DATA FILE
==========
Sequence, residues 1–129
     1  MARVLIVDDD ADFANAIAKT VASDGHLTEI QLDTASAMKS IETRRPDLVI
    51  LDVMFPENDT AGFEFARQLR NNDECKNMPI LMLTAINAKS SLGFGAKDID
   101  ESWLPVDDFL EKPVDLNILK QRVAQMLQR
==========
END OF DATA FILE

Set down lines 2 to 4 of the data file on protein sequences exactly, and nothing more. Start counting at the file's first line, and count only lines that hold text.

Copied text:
     1  MARVLIVDDD ADFANAIAKT VASDGHLTEI QLDTASAMKS IETRRPDLVI
    51  LDVMFPENDT AGFEFARQLR NNDECKNMPI LMLTAINAKS SLGFGAKDID
   101  ESWLPVDDFL EKPVDLNILK QRVAQMLQR